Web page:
Big Hero 6 is painful. By the end of the movie, you will feel it in a very physical way with aches creeping up your side and into your head. And you will love it. This is a guaranteed way to spend 100 minutes laughing and smiling your big stupid face off and fill your heart with jollies and joys. True to its protagonist, Big Hero 6 feels most like the biggest, softest hug and is something truly worth seeing.
Based on a Marvel comic of the same name—albeit with a vastly different tone—Big Hero 6 tells the tale a young robotics prodigy name Hiro Hamada (Ryan Potter) in the fictional city of San Fransokyo. He first puts his talents to the less inspired venues of back alley robot fighting, but his similarly intelligent and robotics-inclined brother Tadashi (Daniel Henney) convinces him to make a visit to his “nerd school” where students work on outlandish and impressive technology like plasma cutter beams and maglev rotational bearings. Tadashi himself is working on a big inflatable robot named Baymax (Scott Adsit) that aids in personal healthcare.
After meeting the head honcho Professor Callaghan, Hiro decides he wants to attend the school as well and enters into an annual exhibition that showcases prospective students for admission. With the help of his brother and his friends, Hiro creates his microbots, a swarm of thousands of little widget robots that adhere to the directives of a headband-wearing user’s thoughts. A fire breaks out, though, and Hiro’s once redirected life heads back into the gutter after a sizable and wholly depressing personal tragedy.
You, however, can probably guess what happens. It is, in fact, strangely and wholly predictable. As the movie opens up, you think to yourself that it can’t possibly happen because it’s so cliché. But then it happens. And once you see where the drama is ginned up for the rest of the movie, you also find yourself saying in your head that this can’t possibly be where the film is headed, but then it ends up there as well.
So as a narrative, no, Big Hero 6 does not bring anything new to the table, which itself should not be surprising since by all means, this is a superhero origin story. It doesn’t, however, really need to do anything new because it does one thing and it does it incredibly well: it makes you happy.
You see, the dramatic impetus is a rogue use of Hiro’s microbots, but the true inciting action is the fact that Tadashi’s robot project Baymax even exists. He responds to anyone in pain, and one day Hiro accidentally activates Baymax, itself being an inconveniently large and clumsy but adorable inflatable entity. Designed specifically to maintain a huggable and helpful demeanor, Baymax just about perfect for generating ridiculous and hilarious scenarios.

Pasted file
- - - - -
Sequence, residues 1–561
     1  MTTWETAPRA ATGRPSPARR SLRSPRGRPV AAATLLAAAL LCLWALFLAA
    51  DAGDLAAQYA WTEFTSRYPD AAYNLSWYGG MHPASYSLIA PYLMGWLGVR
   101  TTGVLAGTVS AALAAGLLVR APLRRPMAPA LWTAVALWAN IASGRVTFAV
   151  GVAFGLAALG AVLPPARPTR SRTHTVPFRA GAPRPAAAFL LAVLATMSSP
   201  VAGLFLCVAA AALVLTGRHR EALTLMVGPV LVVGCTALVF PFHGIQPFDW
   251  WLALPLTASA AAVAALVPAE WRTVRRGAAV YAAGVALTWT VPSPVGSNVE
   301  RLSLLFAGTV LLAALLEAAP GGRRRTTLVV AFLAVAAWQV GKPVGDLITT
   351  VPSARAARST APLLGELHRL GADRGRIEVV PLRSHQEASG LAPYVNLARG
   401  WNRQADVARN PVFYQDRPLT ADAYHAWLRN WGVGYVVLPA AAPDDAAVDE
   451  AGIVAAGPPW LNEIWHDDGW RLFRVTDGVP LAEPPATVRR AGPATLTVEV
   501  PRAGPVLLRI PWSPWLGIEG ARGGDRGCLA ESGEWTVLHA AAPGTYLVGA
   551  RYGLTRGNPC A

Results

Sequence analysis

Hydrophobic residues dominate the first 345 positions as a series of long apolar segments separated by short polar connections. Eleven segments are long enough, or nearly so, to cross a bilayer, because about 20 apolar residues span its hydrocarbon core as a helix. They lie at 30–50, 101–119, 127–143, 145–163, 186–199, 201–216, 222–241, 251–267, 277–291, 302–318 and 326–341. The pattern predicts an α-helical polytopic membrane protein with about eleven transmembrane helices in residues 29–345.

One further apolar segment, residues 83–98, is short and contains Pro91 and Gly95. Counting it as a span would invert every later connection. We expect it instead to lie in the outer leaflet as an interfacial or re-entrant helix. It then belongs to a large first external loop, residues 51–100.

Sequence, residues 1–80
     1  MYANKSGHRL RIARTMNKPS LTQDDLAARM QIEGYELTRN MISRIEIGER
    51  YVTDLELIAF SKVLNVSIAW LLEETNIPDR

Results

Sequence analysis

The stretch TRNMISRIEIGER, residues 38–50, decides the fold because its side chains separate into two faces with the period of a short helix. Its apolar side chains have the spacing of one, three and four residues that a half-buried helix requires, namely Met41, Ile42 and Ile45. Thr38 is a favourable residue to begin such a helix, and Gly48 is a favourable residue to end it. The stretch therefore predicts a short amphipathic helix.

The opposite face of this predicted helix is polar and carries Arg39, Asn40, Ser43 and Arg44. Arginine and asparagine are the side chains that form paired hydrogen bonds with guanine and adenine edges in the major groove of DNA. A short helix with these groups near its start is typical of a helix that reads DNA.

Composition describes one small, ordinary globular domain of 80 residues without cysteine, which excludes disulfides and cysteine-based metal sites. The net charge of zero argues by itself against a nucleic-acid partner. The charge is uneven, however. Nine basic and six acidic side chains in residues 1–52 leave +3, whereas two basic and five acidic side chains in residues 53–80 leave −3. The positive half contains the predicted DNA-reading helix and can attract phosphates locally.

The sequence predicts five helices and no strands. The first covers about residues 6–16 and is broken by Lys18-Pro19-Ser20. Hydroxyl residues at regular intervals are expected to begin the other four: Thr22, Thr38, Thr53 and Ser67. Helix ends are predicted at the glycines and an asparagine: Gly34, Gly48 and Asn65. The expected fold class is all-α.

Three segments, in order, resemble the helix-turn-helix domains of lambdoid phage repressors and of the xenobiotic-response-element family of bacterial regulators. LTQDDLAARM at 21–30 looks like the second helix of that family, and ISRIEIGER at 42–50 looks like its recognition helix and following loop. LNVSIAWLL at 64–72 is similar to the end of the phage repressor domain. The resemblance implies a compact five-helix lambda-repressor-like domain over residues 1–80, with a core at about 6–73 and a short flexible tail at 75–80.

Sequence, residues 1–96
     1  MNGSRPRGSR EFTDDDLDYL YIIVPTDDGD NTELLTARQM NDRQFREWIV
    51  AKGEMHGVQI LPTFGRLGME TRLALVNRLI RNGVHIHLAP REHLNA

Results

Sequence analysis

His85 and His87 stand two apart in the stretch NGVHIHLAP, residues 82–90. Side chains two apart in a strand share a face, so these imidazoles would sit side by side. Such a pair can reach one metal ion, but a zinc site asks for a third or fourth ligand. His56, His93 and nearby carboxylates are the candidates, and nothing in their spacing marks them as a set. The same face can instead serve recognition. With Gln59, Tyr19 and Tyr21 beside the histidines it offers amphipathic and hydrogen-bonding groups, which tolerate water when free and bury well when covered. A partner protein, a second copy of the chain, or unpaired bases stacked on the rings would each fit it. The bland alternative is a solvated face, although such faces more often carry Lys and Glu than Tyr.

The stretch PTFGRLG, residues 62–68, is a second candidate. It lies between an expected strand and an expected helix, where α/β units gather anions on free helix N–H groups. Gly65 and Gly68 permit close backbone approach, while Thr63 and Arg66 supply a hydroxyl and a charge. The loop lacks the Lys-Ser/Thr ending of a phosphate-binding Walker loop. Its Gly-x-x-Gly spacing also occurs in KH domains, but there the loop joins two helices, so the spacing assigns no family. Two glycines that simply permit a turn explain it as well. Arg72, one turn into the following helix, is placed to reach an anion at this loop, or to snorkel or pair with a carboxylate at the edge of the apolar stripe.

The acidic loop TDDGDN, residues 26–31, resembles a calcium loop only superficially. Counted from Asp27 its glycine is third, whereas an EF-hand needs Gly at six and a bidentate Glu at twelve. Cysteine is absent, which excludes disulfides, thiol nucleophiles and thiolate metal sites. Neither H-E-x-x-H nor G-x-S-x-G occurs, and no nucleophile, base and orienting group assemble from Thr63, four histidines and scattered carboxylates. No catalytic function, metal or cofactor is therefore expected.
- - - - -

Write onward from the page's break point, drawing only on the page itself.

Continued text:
As hard as you laugh watching the trailers where Hiro tries to adorn Baymax with armor or where Baymax attempts to patch himself up with tape, there is so much more to discover in the film where Baymax does absurd but lovable things. And that notion extends to the rest of the film’s roster as well. Aunt Cass (Maya Rudolph), with whom Hiro and Tadashi live, is fantastically yet eccentrically parental. And then all of Tadashi’s school friends are so identifiably energetic and welcoming, seeing them feels more like visiting old friends than meeting new people.
One of the most impressive things about Big Hero 6, though, is its ability to generate the sensation of being somewhere. Very often in animated movies, settings feel far more impressionistic than specific, leaving you with hints of an existence unknown. San Fransokyo, a mashup of San Francisco and Tokyo, feels entirely like its own place while borrowing with a creative precision that is to be admired. It’s both cities at once while being neither and it all comes across as impeccably complete.
It doesn’t hurt that it is a beautiful movie from a visual standpoint as well. Elements where you’re used to seeing as flat or tucked away in other computer animated films carry heft and texture and are more pronounced here. There’s one scene in particular where the haze of the shot’s depth of field looks genuinely atmospheric, lending drama and gravity to the moment. And the end could not look more like some wish fulfillment of exploring literal art and is just fantastic.
While not exploring anything new, Big Hero 6 seems to accomplish all it wanted to accomplish, and does with aplomb. It handedly creates tension and humor and an almost physical sensation of love and support through the cuddly and wobbly Baymax, though certainly it’s nothing you haven’t seen before. But with its brisk pace and deft charm, Big Hero 6 is hard to deny. Perhaps the only disappointment is leaving the theatre without a Baymax of your own.
Final Score: 9 out of 10